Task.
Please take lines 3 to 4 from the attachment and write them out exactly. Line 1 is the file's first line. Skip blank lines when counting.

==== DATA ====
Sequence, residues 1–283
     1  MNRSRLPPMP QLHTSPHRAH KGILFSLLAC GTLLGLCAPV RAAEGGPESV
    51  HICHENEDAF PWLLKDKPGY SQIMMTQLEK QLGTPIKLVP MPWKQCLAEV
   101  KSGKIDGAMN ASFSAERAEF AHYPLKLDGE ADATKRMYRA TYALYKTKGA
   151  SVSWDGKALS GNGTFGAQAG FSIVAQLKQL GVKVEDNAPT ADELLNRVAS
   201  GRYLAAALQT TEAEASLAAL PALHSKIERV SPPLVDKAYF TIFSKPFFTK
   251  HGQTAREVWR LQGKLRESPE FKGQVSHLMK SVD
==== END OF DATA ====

    51  HICHENEDAF PWLLKDKPGY SQIMMTQLEK QLGTPIKLVP MPWKQCLAEV
   101  KSGKIDGAMN ASFSAERAEF AHYPLKLDGE ADATKRMYRA TYALYKTKGA